- Mow your lawn regularly and remove overgrown areas. Weeds and tall grass attract wild animals, rodents, and even domestic animals, but they also make great hiding places for fleas.
- Drain standing water and correct drainage problems to prevent long-lasting puddles that could attract animals.
- Seal holes and hiding spots from rodents and other animals to keep them from tracking fleas into your home.
- Cover your outdoor trash so that wild animals cannot get into it. You don’t want to give them an excuse to spend time in your yard.
- Spread cedar chips to repel fleas.
- Purchase nematodes from your local gardening center. These small worms snack on parasite eggs and won’t harm your plants or pets.
- Consider a treatment for your lawn, it can be chemical or organic, but make sure it repels fleas and doesn’t harm the vegetation.
- Plant flea-repelling herbs, like rosemary.
Protect Your House from Fleas
Ridding your home of a flea infestation may leave you feeling hypervigilant for months, but there are steps you can take to repel fleas from your home. Aside from tending to your yard, you can take extra precautions in your home.
Vacuum, Vacuum, and Vacuum More
When you vacuum, you capture and kill flea eggs, larvae, and pupae, so it’s probably the most important thing you can do to prevent a flea infestation. Make sure you vacuum all carpeting, rugs, and upholstery to catch those pesky buggers.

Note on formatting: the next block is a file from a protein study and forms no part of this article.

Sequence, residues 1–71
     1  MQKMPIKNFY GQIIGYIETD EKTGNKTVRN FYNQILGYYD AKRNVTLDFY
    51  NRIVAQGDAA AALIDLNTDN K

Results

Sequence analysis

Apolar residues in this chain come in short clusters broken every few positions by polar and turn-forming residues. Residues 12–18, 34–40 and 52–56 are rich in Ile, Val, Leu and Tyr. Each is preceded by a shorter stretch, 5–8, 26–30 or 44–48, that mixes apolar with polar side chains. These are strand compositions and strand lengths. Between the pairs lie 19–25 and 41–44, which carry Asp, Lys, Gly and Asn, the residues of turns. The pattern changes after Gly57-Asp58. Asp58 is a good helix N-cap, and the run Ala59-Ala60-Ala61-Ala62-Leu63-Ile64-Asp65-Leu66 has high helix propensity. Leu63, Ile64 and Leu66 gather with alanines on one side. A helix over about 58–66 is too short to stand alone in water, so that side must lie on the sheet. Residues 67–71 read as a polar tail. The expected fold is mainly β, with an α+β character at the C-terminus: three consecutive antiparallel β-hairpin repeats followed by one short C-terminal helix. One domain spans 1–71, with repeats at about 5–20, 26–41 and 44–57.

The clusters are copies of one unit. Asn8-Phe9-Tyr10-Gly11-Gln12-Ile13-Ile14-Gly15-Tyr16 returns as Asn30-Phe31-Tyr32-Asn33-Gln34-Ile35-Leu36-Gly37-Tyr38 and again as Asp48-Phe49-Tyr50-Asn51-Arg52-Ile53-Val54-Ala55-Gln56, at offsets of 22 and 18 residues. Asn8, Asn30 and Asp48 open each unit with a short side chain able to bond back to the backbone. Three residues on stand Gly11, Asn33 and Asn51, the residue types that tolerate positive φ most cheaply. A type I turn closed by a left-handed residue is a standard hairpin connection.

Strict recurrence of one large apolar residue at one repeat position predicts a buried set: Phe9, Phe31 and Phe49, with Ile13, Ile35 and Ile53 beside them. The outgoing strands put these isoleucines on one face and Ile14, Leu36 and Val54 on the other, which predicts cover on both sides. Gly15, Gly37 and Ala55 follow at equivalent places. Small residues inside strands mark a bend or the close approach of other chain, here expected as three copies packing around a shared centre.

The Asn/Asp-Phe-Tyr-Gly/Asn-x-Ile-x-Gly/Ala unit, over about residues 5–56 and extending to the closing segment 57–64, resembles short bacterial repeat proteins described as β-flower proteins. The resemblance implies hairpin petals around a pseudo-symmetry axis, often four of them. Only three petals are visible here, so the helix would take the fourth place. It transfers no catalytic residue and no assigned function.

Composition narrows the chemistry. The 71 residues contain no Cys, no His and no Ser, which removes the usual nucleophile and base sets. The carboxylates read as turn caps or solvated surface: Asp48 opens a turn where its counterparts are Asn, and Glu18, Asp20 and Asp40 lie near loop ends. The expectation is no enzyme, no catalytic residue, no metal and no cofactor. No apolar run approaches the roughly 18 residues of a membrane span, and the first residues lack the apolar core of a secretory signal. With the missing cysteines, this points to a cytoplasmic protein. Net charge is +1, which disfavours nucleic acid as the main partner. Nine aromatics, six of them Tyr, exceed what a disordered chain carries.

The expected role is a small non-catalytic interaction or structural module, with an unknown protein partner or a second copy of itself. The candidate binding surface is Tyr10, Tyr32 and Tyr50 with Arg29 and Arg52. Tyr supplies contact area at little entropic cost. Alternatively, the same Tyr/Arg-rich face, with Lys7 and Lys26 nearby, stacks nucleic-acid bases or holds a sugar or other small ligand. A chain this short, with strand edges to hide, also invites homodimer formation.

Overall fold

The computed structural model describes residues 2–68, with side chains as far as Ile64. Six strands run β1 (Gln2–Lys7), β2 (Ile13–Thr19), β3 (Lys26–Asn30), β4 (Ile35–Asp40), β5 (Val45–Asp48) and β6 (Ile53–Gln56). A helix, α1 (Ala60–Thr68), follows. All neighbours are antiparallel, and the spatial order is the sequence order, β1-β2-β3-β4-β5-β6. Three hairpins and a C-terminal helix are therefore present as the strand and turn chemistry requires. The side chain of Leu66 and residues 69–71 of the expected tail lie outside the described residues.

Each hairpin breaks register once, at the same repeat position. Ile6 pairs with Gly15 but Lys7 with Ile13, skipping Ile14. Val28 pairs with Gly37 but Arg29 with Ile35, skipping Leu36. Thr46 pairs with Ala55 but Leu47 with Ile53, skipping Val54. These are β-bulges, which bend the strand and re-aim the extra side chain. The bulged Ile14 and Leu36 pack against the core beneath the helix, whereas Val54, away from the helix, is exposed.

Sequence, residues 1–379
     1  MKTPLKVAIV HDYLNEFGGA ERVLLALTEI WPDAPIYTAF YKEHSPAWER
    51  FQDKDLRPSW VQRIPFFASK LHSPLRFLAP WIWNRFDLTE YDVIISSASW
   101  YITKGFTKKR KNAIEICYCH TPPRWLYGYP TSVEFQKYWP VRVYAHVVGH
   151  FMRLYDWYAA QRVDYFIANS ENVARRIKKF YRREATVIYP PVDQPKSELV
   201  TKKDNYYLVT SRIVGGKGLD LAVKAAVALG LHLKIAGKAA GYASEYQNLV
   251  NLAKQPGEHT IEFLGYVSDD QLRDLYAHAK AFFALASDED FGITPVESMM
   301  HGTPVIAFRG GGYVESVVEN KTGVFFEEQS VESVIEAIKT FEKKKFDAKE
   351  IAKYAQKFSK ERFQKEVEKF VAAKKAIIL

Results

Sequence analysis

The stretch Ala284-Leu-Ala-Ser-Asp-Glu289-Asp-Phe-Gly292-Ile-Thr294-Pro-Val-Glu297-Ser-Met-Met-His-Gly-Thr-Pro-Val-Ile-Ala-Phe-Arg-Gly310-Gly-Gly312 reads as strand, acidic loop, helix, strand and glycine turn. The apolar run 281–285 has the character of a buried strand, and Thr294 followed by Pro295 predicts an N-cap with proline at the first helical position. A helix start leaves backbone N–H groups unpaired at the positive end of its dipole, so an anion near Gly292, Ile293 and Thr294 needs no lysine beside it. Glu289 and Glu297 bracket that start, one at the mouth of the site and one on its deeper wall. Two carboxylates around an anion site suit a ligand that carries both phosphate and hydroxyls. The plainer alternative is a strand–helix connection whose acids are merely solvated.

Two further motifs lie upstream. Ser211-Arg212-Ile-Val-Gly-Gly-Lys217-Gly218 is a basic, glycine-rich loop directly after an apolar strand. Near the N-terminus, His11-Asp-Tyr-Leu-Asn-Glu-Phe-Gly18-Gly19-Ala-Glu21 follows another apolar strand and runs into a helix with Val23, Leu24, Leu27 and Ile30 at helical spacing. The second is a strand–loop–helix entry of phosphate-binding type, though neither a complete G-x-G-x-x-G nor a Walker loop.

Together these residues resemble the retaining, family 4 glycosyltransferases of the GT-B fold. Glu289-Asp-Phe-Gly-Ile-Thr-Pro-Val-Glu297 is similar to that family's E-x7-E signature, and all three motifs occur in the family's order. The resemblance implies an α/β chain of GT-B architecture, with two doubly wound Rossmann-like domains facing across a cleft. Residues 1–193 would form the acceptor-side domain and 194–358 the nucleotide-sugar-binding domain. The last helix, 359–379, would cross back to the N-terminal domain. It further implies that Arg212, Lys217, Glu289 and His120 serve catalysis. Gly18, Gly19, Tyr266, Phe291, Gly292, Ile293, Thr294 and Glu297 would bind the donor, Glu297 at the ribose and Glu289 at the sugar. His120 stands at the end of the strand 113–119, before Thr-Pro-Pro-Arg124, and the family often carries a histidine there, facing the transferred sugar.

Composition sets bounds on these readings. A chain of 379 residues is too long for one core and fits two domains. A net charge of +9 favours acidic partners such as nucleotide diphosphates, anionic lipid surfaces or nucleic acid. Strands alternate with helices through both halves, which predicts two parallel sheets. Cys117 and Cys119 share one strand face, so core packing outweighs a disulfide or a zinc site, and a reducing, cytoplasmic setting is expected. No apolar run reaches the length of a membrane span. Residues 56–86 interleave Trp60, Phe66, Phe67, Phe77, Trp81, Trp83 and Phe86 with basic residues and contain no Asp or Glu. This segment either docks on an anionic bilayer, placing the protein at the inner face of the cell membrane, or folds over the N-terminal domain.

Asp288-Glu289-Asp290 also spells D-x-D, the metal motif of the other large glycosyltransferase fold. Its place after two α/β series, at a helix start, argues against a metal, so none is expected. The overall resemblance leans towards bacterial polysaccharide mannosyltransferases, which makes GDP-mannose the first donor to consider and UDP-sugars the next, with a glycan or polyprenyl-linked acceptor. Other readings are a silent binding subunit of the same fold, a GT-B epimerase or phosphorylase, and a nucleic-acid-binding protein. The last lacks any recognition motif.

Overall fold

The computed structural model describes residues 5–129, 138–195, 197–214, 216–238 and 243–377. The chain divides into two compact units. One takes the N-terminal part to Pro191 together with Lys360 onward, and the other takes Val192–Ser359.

Try vacuuming at least once per week. Don’t forget to change your vacuum’s bag frequently because fleas can live inside the bag.
Bonus tip: Do you have attachments for your vacuum? If so, it’s a good idea to pay special attention to baseboards, steps, and other areas your vacuum can’t reach but fleas can hide.
Wash Bedding Regularly
Be honest, how often do you normally wash your bedsheets? You may be more apt to wash them regularly after a flea infestation, and that’s an excellent idea. Not only will you remove any remnants of fleas or their offspring, but you also get fresh-smelling bedding for a better night’s sleep!
Use Essential Oils Around Your Home
Some essential oils repel fleas (and other pests) naturally and make your home smell incredible. The best part is that fleas haven’t built up an immunity to essential oils like they have with some pesticides, and you can safely use them in your home.
Create a spray with rosemary, peppermint, lemongrass, lavender, or eucalyptus to spray around your house. You can even get creative and combine some of the scents (rosemary and lemongrass are particularly effective).
It’s not fun to think about a flea infestation, but it’s a common problem, especially for pet owners. Fleas are small but mighty irritating, and they reproduce so fast that it takes no time to spread through your home, and this, unfortunately, includes your bed. Hopefully, you gained enough insight from this article to combat the little fiends!